Backs; Darcy Graham (wing), Chris Harris (centre), Adam Hastings (fly-half), Stuart Hogg (full-back), George Horne (scrum-half), Pete Horne (utility back), Sam Johnson (centre), Blair Kinghorn (full-back), Greig Laidlaw (scrum-half), Sean Maitland (wing), Ali Price (scrum-half), Finn Russell (fly-half), Tommy Seymour (wing), Duncan Taylor (centre).
Sunday, September 22 – Ireland (8.45am)
Monday, September 30 – Samoa (11.15am)
Wednesday, October 9 – Russia (8.15am)
Sunday, October 13 – Japan (11.45am)
Ireland went to number one in the world with their warm-up victory over Wales in Dublin as the early indicators for the tournament are good.
Remarkably, only once has the World Cup not been won by a side not occupying that top ranking spot.
Ireland’s record at the tournament has been dismal, though, and they have never won a knockout match in their history.
Their win over New Zealand last November was a sign that they can be world beaters but their recent loss to England may have concerned head coach Joe Schmidt.
They have been handed a relatively kind pool but are likely to face South Africa or New Zealand in the quarter-final.
Johnny Sexton – fly-half
The world’s best player has had his injury scares ahead of the tournament and a slight dip in form during the Six Nations was uncharacteristic.
Ireland’s hopes will be linked to how well Sexton can perform at the tournament and at 34 it is now or never to guide his side to glory (or at least a knockout win).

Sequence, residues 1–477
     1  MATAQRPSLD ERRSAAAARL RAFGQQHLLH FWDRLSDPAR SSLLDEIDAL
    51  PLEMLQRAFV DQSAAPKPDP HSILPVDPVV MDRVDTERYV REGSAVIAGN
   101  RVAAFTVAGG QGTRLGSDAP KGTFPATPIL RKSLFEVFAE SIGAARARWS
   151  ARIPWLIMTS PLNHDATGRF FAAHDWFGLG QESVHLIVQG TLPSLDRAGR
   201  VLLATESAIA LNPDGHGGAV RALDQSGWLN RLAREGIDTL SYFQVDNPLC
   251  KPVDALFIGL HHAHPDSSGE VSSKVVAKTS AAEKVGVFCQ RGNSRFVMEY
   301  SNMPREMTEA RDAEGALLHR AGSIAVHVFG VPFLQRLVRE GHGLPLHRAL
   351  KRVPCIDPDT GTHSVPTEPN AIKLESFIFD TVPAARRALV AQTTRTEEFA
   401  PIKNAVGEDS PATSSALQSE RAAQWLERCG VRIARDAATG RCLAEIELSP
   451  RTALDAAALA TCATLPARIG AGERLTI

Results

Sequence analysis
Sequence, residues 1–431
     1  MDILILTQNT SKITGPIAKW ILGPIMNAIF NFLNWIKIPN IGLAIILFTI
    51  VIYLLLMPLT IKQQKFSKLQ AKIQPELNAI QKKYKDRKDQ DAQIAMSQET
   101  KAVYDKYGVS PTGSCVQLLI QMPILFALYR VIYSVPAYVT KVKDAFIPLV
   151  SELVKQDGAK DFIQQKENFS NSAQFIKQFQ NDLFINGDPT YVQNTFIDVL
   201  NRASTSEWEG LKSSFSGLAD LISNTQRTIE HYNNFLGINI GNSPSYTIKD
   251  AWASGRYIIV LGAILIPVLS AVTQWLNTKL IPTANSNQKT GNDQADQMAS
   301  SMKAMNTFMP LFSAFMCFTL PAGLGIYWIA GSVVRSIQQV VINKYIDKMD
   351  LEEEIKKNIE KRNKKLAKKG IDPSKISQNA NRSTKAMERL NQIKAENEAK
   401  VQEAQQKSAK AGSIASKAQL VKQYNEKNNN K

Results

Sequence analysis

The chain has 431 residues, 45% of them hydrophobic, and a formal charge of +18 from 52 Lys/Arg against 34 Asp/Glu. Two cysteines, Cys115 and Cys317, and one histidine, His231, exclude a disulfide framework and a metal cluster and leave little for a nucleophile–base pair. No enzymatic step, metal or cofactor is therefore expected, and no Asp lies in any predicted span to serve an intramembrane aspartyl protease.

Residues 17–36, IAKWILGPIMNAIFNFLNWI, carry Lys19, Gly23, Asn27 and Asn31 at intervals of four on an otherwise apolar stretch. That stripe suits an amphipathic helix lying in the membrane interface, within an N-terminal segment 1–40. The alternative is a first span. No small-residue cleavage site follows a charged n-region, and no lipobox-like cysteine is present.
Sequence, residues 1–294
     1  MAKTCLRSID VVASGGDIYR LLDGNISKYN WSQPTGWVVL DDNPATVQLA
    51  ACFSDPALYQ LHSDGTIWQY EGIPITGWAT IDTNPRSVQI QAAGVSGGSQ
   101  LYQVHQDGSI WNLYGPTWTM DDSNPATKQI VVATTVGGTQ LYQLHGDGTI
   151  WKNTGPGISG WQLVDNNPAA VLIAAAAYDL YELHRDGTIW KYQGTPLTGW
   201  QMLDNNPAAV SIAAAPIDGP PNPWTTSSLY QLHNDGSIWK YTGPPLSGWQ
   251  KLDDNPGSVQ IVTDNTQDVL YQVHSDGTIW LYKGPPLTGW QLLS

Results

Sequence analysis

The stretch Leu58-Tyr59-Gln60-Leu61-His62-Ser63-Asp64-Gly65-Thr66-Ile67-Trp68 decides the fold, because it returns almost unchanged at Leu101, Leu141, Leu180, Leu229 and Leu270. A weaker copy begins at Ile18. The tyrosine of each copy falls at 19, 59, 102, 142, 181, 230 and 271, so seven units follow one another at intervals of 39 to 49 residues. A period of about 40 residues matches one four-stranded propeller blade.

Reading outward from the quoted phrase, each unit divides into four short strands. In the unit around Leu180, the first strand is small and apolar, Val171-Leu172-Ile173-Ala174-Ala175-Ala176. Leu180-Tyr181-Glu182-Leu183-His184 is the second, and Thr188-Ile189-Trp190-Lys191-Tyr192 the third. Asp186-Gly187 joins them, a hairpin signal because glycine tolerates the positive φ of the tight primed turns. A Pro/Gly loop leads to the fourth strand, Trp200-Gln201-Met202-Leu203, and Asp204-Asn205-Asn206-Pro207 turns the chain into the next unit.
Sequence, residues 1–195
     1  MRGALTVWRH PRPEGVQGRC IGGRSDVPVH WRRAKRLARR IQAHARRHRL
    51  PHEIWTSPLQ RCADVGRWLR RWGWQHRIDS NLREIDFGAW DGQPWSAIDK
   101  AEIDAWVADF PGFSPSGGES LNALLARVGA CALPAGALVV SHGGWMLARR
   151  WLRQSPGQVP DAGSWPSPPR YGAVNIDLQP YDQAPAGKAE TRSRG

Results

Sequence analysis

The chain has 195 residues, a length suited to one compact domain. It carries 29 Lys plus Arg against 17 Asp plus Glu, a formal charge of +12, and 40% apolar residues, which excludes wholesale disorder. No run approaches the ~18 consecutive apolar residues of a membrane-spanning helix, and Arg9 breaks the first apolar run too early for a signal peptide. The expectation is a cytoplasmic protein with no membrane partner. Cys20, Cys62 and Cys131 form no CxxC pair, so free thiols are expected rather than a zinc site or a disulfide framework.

Forwards; Rory Best (hooker), Tadhg Beirne (lock), Jack Conan (flanker), Sean Cronin (hooker), Tadhg Furlong (prop), Cian Healy (prop), Iain Henderson (lock), Dave Kilcoyne (prop), Jean Kleyn (lock), Peter O’Mahony (flanker), Andrew Porter (prop), Rhys Ruddock (flanker), James Ryan (lock), John Ryan (prop), Niall Scannell (hooker), CJ Stander (flanker), Josh van der Flier (flanker).
Backs; Bundee Aki (centre), Joey Carbery (fly-half), Jack Carty (fly-half), Andrew Conway (utility back), Keith Earls (utility back), Chris Farrell (centre), Robbie Henshaw (centre), Rob Kearney (full-back), Jordan Larmour (wing), Luke McGrath (scrum-half), Conor Murray (scrum-half), Garry Ringrose (centre), Johnny Sexton (fly-half), Jacob Stockdale (wing).
Sunday, September 22 – Scotland (8.45am)
Saturday, September 28 – Japan (8.15am)
Thursday, October 3 – Russia (11.45am)
Saturday, October 12 – Samoa (11.45am)